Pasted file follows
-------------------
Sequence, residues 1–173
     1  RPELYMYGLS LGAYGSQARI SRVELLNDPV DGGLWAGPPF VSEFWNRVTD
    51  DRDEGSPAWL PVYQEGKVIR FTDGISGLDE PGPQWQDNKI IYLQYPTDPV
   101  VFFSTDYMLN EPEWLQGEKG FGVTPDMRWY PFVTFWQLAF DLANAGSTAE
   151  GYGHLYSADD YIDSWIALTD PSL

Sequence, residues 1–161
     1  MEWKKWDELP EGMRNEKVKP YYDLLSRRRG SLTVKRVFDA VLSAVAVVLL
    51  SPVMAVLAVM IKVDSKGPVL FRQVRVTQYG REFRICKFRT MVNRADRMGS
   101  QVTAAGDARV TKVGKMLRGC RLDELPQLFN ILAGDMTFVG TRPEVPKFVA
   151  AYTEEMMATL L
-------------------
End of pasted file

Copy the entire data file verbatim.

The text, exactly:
Sequence, residues 1–173
     1  RPELYMYGLS LGAYGSQARI SRVELLNDPV DGGLWAGPPF VSEFWNRVTD
    51  DRDEGSPAWL PVYQEGKVIR FTDGISGLDE PGPQWQDNKI IYLQYPTDPV
   101  VFFSTDYMLN EPEWLQGEKG FGVTPDMRWY PFVTFWQLAF DLANAGSTAE
   151  GYGHLYSADD YIDSWIALTD PSL

Sequence, residues 1–161
     1  MEWKKWDELP EGMRNEKVKP YYDLLSRRRG SLTVKRVFDA VLSAVAVVLL
    51  SPVMAVLAVM IKVDSKGPVL FRQVRVTQYG REFRICKFRT MVNRADRMGS
   101  QVTAAGDARV TKVGKMLRGC RLDELPQLFN ILAGDMTFVG TRPEVPKFVA
   151  AYTEEMMATL L